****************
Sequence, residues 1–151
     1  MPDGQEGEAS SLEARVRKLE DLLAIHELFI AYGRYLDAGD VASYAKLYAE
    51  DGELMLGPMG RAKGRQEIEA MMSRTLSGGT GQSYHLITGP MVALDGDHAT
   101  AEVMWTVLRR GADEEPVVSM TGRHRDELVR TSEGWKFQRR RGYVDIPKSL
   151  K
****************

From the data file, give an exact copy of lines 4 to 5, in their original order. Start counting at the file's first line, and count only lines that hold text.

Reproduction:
   101  AEVMWTVLRR GADEEPVVSM TGRHRDELVR TSEGWKFQRR RGYVDIPKSL
   151  K